Catheter-based aortic valve replacement is set to take off

Twenty years ago, few interventional cardiologists could have imagined that during their professional careers it would be possible to replace a diseased aortic valve using catheter-based techniques, rather than open-chest surgery.

Alain Cribier, M.D., was not among the doubters.

Through years of innovation and laboratory testing, Dr. Cribier pioneered the development of the Cribier-Edwards heart valve, a replacement aortic valve composed of biologic tissue sewn onto a stent that can be implanted using standard catheter techniques,albeit with great care and precision. He will describe the development and evolution of percutaneous aortic valve replacement in a keynote Founders Lecture to be delivered at the 30th Annual Scientific Sessions of the Society for Cardiovascular Angiography and Interventions (SCAI), May 9-12, 2007, in Orlando, FL.

"Alain Cribier has been a driving force for catheter-based therapies for valvular heart disease since the mid-1980s. He has brought us to where we are today, with continually evolving technology for aortic valve replacement," said Ted Feldman, M.D., FSCAI, director of the cardiac catheterization laboratory at Evanston Hospital, in Evanston, IL, and a professor of medicine at Northwestern University Medical School in Chicago. "Dr. Cribier has had a remarkable career."

Aortic stenosis most often afflicts the elderly. After years of wear and tear, the valve that serves as a portal between the left ventricle and the aorta becomes calcified, stiff, and narrowed, no longer permitting enough blood to flow from the heart to the rest of the body. Patients typically develop shortness of breath, heart failure, chest pain, and sometimes lightheadedness and fainting.

Surgery to replace the aortic valve is very effective, but it involves opening the chest and requires a lengthy recovery. At least one-third of elderly patients with aortic stenosis are too frail to withstand such major surgery.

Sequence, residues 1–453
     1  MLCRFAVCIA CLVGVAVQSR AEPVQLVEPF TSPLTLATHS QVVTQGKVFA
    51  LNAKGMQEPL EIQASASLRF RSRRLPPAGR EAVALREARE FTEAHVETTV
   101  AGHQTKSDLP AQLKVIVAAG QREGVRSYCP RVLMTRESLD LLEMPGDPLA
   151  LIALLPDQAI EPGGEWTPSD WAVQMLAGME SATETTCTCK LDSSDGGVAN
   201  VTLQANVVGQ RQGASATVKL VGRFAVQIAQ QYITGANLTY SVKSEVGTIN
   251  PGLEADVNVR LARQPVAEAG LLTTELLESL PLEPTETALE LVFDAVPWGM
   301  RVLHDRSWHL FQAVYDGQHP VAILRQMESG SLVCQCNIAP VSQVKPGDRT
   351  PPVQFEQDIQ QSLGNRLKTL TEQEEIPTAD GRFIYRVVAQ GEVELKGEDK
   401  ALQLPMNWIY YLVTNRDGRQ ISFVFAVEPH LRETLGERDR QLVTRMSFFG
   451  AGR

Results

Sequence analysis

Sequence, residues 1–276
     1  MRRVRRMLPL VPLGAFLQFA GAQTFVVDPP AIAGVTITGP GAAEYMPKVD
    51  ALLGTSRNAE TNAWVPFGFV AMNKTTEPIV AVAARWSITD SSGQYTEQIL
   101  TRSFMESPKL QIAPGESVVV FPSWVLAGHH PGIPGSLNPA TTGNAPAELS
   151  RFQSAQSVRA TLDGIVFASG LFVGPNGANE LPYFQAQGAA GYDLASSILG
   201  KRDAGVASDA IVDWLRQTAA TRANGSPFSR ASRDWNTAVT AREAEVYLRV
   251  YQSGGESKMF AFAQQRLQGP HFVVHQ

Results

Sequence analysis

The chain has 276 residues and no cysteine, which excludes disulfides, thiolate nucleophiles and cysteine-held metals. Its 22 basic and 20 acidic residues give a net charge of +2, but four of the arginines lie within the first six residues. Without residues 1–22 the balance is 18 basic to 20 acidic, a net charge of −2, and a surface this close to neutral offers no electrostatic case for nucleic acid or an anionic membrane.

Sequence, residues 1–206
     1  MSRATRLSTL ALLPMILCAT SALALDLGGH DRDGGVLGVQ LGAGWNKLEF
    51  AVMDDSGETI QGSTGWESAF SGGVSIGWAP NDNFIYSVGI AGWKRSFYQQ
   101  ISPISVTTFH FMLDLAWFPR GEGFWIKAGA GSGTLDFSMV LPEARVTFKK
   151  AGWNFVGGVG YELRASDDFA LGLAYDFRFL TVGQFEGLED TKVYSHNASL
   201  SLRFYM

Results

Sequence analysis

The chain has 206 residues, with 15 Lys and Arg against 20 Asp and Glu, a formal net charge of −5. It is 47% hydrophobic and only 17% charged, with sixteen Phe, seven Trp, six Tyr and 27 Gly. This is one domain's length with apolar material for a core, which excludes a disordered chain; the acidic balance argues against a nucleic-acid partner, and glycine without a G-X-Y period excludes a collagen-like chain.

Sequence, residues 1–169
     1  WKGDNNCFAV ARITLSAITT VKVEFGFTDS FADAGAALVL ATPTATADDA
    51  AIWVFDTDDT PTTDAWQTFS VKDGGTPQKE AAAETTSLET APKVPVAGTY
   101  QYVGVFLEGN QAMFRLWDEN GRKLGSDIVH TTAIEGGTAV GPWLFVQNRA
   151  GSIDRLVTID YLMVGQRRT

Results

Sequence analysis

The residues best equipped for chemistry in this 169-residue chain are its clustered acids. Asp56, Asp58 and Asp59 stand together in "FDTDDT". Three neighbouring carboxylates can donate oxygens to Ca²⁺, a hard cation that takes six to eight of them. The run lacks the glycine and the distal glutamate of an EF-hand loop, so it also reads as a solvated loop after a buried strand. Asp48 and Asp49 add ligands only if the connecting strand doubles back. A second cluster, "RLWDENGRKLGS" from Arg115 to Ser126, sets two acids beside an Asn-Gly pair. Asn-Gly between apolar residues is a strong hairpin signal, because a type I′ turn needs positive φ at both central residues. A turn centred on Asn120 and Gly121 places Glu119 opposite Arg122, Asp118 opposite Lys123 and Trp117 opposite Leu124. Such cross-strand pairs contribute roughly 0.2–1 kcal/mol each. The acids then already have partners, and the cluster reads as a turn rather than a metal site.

With percutaneous aortic valve replacement, a balloon catheter with a stent-mounted valve crimped on its tip is threaded from the femoral artery in the groin into the aorta and across the aortic valve, in a direction opposite,or retrograde,to normal blood flow. The compressed valve is moved into position in the diseased aortic valve and a balloon at the end of the catheter is inflated. The expanded valve pushes aside the diseased leaflets of the patient's own aortic valve and becomes anchored in the valve opening.

The valve can also be implanted through a small incision in the chest and a puncture in the bottom of the left ventricle. This technique is particularly useful in patients with widespread build-up of atherosclerotic plaque, which may make it impossible to pass a catheter through the arteries of the legs and abdomen.

Dr. Cribier, who is chief of cardiology at University Hospital, in Rouen, France, performed the first human percutaneous aortic valve implantation in 2002. Since then, the Cribier-Edwards valve has since been tested in North America and Europe. A multicenter phase 2 randomized controlled trial is expected to begin soon in the United States. Another replacement aortic valve, the self-expanding CoreValve, is also undergoing clinical testing.

"The opportunity for patients to be treated in clinical trials will expand rapidly as the number of these devices grows," Dr. Feldman said. "Catheter-based aortic valve replacement is set to take off."

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